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daffodils toxic dogs
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Depending on where you live, daffodils are plentiful during the spring and summer seasons. But beware; daffodils contain lycorine, which is an alkaloid with emetic (or vomit-inducing) properties. On the outer layer of the daffodil bulbs are crystals, which can cause tissue irritation and secondary drooling. If your dog ingests the bulb, plant, or flower, signs might include drooling, nausea, vomiting, diarrhea, increased heart rate, abdominal pain, abnormal breathing, and cardiac arrhythmias. In the event that you witness your dog ingesting any part of the daffodil, immediately consult a veterinarian. If you suspect but aren’t sure, you can call the Pet Poison Helpline.

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dieffenbachia toxic dogs
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Dieffenbachia is a genus of tropical flowering plants native to the New World Tropics from Mexico, the West Indies, and Argentina. They are kind of green and speckled white in color and are particularly popular as houseplants. However, dieffenbachia has a dark side; if ingested by a dog, dieffenbachia can cause intense oral irritation, drooling, nausea, vomiting, and difficulty swallowing.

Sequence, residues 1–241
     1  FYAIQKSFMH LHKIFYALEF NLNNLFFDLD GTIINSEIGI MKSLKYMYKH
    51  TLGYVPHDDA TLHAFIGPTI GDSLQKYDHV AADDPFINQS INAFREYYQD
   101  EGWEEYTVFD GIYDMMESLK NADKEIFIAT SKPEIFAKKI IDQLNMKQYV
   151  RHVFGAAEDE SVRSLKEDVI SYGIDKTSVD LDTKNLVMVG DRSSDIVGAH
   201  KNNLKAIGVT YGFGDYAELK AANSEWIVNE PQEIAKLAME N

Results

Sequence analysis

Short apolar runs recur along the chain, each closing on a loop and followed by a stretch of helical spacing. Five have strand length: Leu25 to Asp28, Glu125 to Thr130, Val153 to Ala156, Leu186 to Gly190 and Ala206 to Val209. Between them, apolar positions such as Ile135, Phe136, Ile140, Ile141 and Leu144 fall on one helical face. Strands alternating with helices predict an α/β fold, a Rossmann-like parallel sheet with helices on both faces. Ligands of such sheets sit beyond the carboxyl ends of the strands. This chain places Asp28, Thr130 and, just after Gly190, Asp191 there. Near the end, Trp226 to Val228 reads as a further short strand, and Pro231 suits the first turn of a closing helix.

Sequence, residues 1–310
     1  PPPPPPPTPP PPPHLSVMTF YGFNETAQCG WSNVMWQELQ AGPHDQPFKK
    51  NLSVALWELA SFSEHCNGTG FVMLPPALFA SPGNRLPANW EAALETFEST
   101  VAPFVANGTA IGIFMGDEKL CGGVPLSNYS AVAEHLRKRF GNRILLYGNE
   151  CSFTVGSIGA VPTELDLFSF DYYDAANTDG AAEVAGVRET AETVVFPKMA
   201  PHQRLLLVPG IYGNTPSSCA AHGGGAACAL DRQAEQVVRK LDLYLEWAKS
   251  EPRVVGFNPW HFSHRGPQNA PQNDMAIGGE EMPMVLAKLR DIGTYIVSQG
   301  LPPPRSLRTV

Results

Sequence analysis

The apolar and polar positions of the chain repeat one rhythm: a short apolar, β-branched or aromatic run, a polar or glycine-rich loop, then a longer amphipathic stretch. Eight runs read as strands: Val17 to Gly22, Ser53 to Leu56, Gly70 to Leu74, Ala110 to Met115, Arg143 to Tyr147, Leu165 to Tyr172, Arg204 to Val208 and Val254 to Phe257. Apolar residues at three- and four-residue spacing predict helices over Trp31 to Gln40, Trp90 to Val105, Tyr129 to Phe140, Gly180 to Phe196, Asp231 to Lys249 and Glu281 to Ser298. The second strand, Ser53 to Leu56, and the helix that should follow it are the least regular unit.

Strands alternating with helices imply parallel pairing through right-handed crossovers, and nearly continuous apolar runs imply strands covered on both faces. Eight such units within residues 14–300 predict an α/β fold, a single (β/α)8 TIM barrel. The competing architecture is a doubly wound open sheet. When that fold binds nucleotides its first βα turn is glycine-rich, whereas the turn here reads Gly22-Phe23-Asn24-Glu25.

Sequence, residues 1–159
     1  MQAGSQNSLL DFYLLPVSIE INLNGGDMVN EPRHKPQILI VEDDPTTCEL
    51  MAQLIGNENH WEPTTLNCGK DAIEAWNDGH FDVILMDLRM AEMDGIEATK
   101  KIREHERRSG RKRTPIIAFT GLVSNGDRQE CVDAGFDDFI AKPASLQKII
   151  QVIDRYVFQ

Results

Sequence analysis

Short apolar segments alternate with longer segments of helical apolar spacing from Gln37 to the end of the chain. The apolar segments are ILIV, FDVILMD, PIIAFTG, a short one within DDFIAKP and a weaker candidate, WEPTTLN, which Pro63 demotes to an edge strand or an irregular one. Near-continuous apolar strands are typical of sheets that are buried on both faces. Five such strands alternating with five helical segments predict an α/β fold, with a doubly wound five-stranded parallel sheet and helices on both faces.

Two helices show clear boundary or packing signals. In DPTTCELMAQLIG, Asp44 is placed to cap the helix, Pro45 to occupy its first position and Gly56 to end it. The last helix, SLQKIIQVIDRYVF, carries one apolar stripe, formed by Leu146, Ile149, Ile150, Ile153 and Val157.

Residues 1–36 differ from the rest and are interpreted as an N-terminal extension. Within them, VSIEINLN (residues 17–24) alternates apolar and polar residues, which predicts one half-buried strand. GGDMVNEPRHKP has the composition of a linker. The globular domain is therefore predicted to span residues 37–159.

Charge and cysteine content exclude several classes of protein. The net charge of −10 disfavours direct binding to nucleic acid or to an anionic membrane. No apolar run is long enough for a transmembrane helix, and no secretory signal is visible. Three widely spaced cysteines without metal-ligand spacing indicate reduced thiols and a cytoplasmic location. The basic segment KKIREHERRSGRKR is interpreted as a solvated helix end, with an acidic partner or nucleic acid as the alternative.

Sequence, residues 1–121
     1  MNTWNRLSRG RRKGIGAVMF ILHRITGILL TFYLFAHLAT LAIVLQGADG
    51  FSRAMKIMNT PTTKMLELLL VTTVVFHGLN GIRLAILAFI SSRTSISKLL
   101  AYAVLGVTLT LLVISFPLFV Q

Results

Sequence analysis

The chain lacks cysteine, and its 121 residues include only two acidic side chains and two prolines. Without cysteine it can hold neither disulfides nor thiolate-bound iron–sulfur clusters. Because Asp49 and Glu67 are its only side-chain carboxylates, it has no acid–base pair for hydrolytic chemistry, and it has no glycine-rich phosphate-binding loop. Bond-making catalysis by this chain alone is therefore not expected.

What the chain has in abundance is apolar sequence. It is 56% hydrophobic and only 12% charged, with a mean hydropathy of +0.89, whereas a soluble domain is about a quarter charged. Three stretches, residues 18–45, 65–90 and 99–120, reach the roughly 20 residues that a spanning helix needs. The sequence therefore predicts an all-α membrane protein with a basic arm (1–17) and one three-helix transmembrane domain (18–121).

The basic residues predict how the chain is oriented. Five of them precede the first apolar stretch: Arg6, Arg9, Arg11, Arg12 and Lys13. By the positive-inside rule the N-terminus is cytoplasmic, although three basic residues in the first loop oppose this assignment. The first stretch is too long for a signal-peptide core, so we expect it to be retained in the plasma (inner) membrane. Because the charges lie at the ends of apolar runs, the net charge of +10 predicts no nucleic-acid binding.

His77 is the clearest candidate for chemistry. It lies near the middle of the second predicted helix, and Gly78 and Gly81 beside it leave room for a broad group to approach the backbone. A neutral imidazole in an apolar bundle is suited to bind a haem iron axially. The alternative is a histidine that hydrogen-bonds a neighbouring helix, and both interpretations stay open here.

Signs of ingestion might include a dog pawing at his mouth, evidence of oral pain, vomiting, and decreased appetite. What makes dieffenbachia so harmful is its insoluble calcium oxalate crystals; many plants in the Araceae family have these crystals, which can penetrate tissue, cause mouth irritation, and disrupt the gastrointestinal tract. In some rare cases, it is possible that ingestion of dieffenbachia can cause the upper airway to swell, making it difficult for a pet to breathe.

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hyacinth toxic dogs
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Poisonous to both cats and dogs, hyacinths belong to the Lilaceae family. Most plants in this family contain allergenic lactones and other similar alkaloids and for that reason, are considered severely toxic. Most concentrated in the bulbs, hyacinth ingestion can cause intense drooling, vomiting, and diarrhea. If a large quantity of bulbs have been consumed, dogs may experience exacerbated symptoms such as increased heart rate, changes in respiration, and difficulty breathing. 

According to PPH, ingestion in large amounts is markedly worse and most often occurs if dogs have access to a large bag of bulbs or if they dig up freshly planted bulbs. Ingestion of hyacinth can also result in tissue irritation to both the mouth and esophagus.

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kalanchoe toxic dogs
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Also known as the chandelier plant, Mother of Millions, or Devil’s Backbone, kalanchoe has a beautiful pink and dainty-looking flower, but don’t be fooled by its looks; though PPH categorizes its toxicity as generally mild to moderate and rarely severe, kalanchoe is a common houseplant that can cause drooling, vomiting, diarrhea, abnormal heart rate, cardiac arrhythmias, weakness, collapse, dilated pupils, tremors, and, rarely, seizures. Don’t rely on that description of flowers only being pink either; the flowers of kalanchoe can vary from yellow, orange, red or pink. Most small ingestions (in both dogs and cats) only result in gastrointestinal upset or irritation, but larger ingestions could result in cardiac issues, weakness, and collapse.

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lily of the valley toxic dog